integrationHost = new SpecsForIntegrationHost(config);
            integrationHost.Start();
        }

        [AssemblyCleanup()]
        public static void MyAssemblyCleanup()
        {
            integrationHost.Shutdown();
        }
    }
}

The class is marked as a TestClass even though there are no explicit methods to test. This is so that the MyAssemblyInitialize() and MyAssemblyCleanup() methods run. In order for the AssemblyInitialize and AssemblyCleanup attributes to work the class must be marked with the TestClass attribute. With this code in place, MyAssemblyInitialize() will run once before all of the test methods in the project and MyAssemblyCleanup() will run after they all complete.

The code found in MyAssemblyInitialize() is fairly straight-forward given the clarity of the SpecsFor.Mvc API. A new SpecsForMvcConfig instance is created and set to use IIS Express with a given project name and configuration name. Next, a call to BuildRoutesUsing is made in order to register the various controllers and actions with SpecsFor.Mvc. Finally, the browser is specified and the configuration is used to start a new instance of the SpecsForIntegrationHost.

The MyAssemblyCleanup() method, paired with the AssemblyCleanup attribute, is used to shut down the integration host after all the tests have completed.

Initializing the Browser

Now that we have code in place to host the ASP.NET MVC site before any tests are run, we need some code in place to create an instance of our MVC application in a browser. Right-click the Tests project and add a new Unit Test.

Add Unit Test

Add the following code to the top of your new UnitTest1 class, before the TestMethod1 declaration:

private static MvcWebApp app;

[ClassInitialize]
public static void MyClassInitialize(TestContext testContext)
{
    //arrange
    app = new MvcWebApp();
}

This will require adding a using statement for SpecsFor.Mvc.

Using SpecsFor.Mvc

This new method, MyClassInitialize() will run before all of the tests in the new UnitTest1 class. It will create a new instance of the MvcWebApp class which will launch the browser with your application loaded.

If you go ahead and run the tests for UnitTest1 now you’ll see that two console windows are opened, one for IIS Express hosting the ASP.NET application and one for the Selenium WebDriver that is driving your application. In addition, after the Selenium WebDriver console window is opened, the browser specified in the MvcAppConfig class will be launched.

Note that you may get a prompt from Windows Firewall that you’ll need to allow.

Firewall Alert

Because we haven’t actually written any tests yet, all these windows will close after they are opened, but this demonstrates that these few lines of code used to bootstrap the environment are working.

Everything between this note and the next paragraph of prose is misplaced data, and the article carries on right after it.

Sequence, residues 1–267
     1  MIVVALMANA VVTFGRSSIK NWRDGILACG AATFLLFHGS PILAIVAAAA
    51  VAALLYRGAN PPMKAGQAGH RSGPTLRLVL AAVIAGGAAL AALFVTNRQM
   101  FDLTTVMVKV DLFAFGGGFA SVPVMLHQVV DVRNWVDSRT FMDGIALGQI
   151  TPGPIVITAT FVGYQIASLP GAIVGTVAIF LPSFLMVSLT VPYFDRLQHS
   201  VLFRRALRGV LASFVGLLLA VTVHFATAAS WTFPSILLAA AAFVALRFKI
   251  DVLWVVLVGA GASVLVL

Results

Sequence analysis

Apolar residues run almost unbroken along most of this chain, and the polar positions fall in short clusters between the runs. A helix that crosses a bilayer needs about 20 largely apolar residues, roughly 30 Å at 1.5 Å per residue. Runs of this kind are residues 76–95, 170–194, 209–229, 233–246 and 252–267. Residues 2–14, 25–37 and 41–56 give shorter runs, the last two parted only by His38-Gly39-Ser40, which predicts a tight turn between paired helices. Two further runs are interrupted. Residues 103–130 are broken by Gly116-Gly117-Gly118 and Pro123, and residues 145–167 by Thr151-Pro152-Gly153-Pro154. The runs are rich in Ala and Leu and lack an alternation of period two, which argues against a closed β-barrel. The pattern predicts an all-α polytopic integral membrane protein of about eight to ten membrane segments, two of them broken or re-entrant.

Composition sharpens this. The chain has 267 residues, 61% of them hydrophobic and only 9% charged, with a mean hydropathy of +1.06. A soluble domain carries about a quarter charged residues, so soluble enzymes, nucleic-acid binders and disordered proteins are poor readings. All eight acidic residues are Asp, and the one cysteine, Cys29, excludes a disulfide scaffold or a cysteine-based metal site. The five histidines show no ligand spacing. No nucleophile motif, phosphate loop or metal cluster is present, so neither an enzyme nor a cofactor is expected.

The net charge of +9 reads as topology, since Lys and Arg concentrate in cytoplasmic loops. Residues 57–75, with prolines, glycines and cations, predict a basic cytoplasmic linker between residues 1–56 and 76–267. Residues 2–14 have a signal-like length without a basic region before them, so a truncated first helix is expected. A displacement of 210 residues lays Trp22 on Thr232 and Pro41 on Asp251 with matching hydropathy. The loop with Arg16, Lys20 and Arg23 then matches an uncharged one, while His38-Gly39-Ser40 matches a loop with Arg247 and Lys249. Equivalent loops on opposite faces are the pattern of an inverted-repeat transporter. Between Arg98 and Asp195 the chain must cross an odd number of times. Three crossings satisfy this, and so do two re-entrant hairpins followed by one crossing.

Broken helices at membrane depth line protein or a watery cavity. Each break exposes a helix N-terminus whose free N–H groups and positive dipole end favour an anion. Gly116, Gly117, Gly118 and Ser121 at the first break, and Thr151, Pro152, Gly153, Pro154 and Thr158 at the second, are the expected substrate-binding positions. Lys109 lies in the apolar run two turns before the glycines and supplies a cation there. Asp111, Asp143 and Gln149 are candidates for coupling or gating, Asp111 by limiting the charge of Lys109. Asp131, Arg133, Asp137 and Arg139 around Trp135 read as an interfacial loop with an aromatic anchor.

Authentication Tests

Now that all the setup work is done, let’s see what some actual integration tests look like using SpecsFor.Mvc. The first test will ensure that, if a user tries to navigate to the /account/manage route of the ASP.NET MVC application without logging in, they will be redirected to the login screen.

[TestMethod]
public void AccountManage_WithoutSession_RedirectsToLogin()
{
    //act
    AccountController.ManageMessageId? messageId = null;
    app.NavigateTo<AccountController>(c => c.Manage(messageId));

    //assert
    const string returnUrl = "%2fAccount%2fManage";
    app.Route.ShouldMapTo<AccountController>(c => c.Login(returnUrl));
}

This test will require adding two new items to the using statements: YourProjectName.Controllers and MvcContrib.TestHelper (MvcContrib.TestHelper is needed for the call to ShouldMapTo).

And that’s it for the first integration test. I love it. It’s clear, concise, and (aside from the return URL path) it’s strongly typed. The call to NavigateTo will navigate to the URL corresponding to the AccountController and the Manage action, specified in the lambda expression. The call to ShouldMapTo will ensure that the resulting route corresponds to the AccountController and Login action (with the proper ReturnUrl parameter).

Let’s add two more tests to illustrate a few more examples using SpecsFor.Mvc:

[TestMethod]
public void Login_InvalidInput_TriggersValidation()
{
    //act
    app.NavigateTo<AccountController>(c => c.Login(string.Empty));
    app.FindFormFor<LoginModel>()
        .Field(f => f.UserName).SetValueTo(string.Empty)
        .Field(f => f.Password).SetValueTo(string.Empty)